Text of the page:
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Our perspective of settings, conflicts, and themes of stories depend on how the story is narrated. An effective point of view helps us to experience the meaning of the actual writing. In Charlotte Perkins Gilman's short story, "The Yellow Wallpaper," the unreliable narrator speaks to us in first person point of view, which helps us to understand her experience as she slips into madness. The first person narration in Gilman's story also helps us to become aware of the symbolism in the stories major theme of entrapment. After reading "The Yellow Wallpaper," one should conclude that the wallpaper itself symbolizes female imprisonment in the nineteenth century.
We learn that the narrator of this story is most likely suffering from postpartum depression after she gives birth to her baby. We can conclude that she is an unreliable narrator after reading the story. At first, it seems as if the narrator is reliable and that her condition will improve. The narrator states, "If a physician of high standing, and one's own husband, assures friends and relatives that there is really nothing the matter with one but temporary nervous depression--a slight hysterical tendency--what is one to do? My brother is also a physician, and also of high standing, and he says the same thing" (721). Her mental state slowly begins to worsen throughout the rest of the story. We learn that she is not even allowed to be with her baby anymore because he makes her too anxious. She begins to spend the majority of her time staying in her upstairs room and starring at the wallpaper. We know the narrator loses her sanity when she states, "Life is very much more exciting now than it used to be. You see I have something more to expect, to look forward to, to watch. I really do eat better, and am more quiet than I was" (728). The narrator thought she was beginning to get better; on the other hand, her family began to notice strange things occurring in the upstairs room. The unnamed narrator has a huge effect on the story because if it would have been told by her families' point of view, it would differ greatly.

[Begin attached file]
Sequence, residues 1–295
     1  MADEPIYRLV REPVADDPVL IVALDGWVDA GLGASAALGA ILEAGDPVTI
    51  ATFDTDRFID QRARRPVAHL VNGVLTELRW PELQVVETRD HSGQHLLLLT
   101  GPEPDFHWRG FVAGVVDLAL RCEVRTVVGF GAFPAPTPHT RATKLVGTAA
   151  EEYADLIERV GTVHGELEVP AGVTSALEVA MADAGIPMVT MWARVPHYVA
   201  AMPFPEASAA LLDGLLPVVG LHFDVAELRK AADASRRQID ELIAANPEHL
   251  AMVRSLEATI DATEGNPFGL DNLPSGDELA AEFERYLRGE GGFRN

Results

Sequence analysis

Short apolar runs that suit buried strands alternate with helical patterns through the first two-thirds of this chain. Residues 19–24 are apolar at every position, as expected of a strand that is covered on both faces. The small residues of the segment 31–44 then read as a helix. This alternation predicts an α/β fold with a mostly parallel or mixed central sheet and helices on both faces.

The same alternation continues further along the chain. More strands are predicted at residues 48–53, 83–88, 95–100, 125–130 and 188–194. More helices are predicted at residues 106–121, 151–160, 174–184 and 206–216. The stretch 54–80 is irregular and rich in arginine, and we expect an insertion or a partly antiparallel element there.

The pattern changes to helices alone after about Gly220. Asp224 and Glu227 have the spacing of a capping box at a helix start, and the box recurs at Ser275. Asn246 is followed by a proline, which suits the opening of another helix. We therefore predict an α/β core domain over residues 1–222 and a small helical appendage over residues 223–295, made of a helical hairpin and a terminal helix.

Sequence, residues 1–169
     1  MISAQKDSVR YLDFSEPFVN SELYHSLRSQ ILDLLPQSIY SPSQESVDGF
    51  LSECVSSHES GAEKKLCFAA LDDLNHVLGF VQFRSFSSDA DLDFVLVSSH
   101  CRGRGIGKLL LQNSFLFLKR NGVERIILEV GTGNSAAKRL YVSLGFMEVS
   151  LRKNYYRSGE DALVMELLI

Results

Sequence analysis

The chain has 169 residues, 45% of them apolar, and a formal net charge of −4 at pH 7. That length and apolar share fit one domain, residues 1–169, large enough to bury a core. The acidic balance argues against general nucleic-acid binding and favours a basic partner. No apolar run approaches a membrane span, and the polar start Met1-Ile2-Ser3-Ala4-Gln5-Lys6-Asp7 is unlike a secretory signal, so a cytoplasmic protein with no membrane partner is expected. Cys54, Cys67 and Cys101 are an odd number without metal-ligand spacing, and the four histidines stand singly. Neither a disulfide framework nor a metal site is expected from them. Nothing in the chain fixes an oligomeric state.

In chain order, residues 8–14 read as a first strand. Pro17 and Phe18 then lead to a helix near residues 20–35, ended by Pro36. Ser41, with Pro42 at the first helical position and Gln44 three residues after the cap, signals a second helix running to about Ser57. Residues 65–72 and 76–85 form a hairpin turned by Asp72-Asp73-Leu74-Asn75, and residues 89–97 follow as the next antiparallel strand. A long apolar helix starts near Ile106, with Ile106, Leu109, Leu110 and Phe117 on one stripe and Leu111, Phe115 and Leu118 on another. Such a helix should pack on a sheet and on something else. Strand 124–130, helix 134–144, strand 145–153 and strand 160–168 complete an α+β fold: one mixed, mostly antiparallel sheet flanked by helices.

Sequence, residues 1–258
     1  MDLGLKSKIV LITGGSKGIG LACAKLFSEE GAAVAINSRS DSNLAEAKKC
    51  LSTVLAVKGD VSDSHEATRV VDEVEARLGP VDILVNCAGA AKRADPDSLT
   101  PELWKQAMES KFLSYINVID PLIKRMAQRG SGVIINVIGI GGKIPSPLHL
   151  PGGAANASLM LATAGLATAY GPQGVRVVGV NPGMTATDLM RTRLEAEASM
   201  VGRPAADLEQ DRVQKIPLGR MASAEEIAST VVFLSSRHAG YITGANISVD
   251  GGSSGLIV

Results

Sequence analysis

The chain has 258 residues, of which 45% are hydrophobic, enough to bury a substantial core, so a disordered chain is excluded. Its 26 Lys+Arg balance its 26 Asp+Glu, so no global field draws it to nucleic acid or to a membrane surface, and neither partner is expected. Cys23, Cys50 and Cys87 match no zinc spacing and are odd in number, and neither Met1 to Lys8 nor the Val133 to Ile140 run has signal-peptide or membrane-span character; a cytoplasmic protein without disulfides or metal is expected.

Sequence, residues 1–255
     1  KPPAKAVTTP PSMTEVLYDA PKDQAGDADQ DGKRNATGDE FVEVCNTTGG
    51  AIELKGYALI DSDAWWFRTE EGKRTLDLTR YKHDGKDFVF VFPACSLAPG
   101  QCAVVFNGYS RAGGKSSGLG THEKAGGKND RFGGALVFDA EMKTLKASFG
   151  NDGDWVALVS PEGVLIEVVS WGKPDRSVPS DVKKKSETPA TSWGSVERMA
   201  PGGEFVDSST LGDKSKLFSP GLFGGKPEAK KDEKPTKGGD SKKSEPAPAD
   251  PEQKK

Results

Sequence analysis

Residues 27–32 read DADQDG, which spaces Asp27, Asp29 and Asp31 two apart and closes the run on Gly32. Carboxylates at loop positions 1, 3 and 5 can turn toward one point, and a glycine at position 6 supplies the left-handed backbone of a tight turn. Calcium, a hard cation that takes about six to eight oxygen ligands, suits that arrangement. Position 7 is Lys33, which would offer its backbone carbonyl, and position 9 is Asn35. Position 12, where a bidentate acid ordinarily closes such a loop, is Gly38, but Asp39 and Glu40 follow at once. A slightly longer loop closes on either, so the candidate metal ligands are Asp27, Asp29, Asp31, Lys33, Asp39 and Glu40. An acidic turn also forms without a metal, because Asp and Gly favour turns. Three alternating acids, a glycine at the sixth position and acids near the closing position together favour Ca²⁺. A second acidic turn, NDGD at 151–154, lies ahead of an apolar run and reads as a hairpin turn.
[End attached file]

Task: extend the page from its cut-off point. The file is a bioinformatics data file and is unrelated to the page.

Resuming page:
In the beginning of "The Yellow Wallpaper," the anonymous narrator simply desired to be free. She wanted to do things such as visit her family members and write as much as she pleased; however, she was no longer allowed to do any of these things. She was basically trapped inside of the vacation home and had to follow her families' orders, similar to women of earlier time periods. The home itself was secluded from the rest of society. The narrator explained in the story, "The most beautiful place! It is quite alone, standing well back from the road, quite three miles from the village. It makes me think of English places that you read about, for there are hedges and walls and gates that lock, and lots of separate little houses for the gardeners and people" (721). Her family assumed she would get better quicker if they kept her away from everything and everyone else. After enough time passes the narrator asks her husband, John, several times if they can leave the vacation home, but John always lets her down by refusing to leave just yet. The unnamed narrator states, "Dear John! He loves me very dearly, and hates to have me sick. I tried to have a real earnest reasonable talk with him the other day, and tell him how I wish he would let me go and make a visit to Cousin Henry and Julia. But he said I wasn't able to go, nor able to stand it after I got there: and I did not make out a very good case for myself, for I was crying before I had finished" (725). All she had left to do was remain in the room and hope to be able to get out soon.